|Flexor synovitis occasionally is due to fungal or mycobacterial infection, producing a granulomatous reaction. These present as a slowly progressive process, worsening over months. There may be a history of a finger puncture injury preceeding symptoms. There is typically less local tenderness than would be expected for the degree of swelling, stiffness and pain. Local steroid injections are ineffective and may be followed by rapid clinical worsening. Cure requires thorough synovectomy and culture directed antibiotic treatment.|
|Click on each image for a larger picture|
|This man presented with a
one year history of progressively worsening right hand pain, swelling
and loss of flexion. Symptoms began one month after a right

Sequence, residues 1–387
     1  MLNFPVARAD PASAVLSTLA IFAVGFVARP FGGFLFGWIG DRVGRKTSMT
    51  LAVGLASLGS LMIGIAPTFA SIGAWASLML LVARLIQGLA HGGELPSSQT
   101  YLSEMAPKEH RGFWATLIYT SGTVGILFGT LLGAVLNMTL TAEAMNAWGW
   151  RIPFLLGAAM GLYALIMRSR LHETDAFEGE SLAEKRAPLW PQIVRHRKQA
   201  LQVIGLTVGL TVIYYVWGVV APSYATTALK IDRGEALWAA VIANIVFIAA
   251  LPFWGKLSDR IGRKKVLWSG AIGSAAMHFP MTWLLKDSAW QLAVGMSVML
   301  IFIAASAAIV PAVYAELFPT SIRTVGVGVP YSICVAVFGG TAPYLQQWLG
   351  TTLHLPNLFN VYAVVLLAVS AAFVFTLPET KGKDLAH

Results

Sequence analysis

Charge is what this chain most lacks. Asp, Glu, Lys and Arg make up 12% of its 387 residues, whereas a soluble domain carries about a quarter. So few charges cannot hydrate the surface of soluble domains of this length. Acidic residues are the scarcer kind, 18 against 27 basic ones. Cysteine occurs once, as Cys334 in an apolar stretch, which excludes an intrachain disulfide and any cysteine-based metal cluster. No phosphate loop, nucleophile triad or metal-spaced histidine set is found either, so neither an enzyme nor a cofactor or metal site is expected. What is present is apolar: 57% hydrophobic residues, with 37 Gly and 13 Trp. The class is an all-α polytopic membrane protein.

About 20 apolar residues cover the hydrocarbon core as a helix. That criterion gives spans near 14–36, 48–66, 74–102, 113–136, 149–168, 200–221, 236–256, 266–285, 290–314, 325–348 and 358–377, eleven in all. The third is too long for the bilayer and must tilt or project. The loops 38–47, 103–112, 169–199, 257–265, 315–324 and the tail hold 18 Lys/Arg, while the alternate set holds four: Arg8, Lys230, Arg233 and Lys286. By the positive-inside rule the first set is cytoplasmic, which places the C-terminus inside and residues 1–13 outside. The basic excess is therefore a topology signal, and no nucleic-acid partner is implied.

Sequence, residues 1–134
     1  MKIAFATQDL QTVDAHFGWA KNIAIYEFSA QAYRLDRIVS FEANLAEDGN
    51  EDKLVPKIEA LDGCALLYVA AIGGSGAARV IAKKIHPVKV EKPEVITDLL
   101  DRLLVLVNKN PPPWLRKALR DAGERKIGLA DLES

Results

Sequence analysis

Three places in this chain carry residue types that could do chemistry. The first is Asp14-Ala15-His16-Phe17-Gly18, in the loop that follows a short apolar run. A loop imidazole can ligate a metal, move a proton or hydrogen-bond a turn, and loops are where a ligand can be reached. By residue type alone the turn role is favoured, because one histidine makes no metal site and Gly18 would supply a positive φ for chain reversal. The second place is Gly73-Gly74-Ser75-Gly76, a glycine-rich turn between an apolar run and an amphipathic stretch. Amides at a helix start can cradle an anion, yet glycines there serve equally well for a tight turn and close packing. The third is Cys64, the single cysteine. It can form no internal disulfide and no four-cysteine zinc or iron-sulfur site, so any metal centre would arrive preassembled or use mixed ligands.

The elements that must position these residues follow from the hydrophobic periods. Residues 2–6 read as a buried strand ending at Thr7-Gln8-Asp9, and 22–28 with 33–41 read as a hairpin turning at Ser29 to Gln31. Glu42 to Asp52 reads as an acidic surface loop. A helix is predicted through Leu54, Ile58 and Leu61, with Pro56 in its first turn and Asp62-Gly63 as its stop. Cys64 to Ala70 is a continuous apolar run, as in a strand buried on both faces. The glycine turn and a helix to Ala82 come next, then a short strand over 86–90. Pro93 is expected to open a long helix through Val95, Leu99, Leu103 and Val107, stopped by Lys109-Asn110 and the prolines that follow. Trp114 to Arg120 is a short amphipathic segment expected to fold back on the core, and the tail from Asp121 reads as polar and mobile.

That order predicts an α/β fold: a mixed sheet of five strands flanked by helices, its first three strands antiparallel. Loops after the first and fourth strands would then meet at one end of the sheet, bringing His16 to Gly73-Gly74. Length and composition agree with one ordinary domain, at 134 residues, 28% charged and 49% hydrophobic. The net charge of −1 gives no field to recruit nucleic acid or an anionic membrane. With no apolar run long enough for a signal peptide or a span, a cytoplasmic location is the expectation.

ring finger puncture wound in a marine setting. He had been given a
trigger finger steroid injection months earlier with no relief.
|The right palm and forearm
were full, but not tender. Fingtips could only be brought to
within 2" of the distal palmar crease. No fever, no
lymphadenopathy. Rheumatologic tests including sedimentation rate were
interpreted his MRI as normal, but these views show bulky, edematous
|A radical flexor
tenosynovectomy was performed for the presumed diagnosis of synovitis
from atypical infection. The initial extensile here is
planned from the mid palm to the mid forearm.
|Bulky, edematous synovitis
involved all flexor tendons.
|Palmar exposure was
extended to include a distal "Y" shaped incision. Here, the synovecomy
granulomatous synovitis. Unfortunately, no organisms were identified,
even in long term culture for fungus and mycobacteria. This confirms
the need for complete synovectomy.
|Step by Step Surgery||2 Weeks Postop||6 Weeks Postop|
atypical mycobacterium hand
granulomatous synovitis hand
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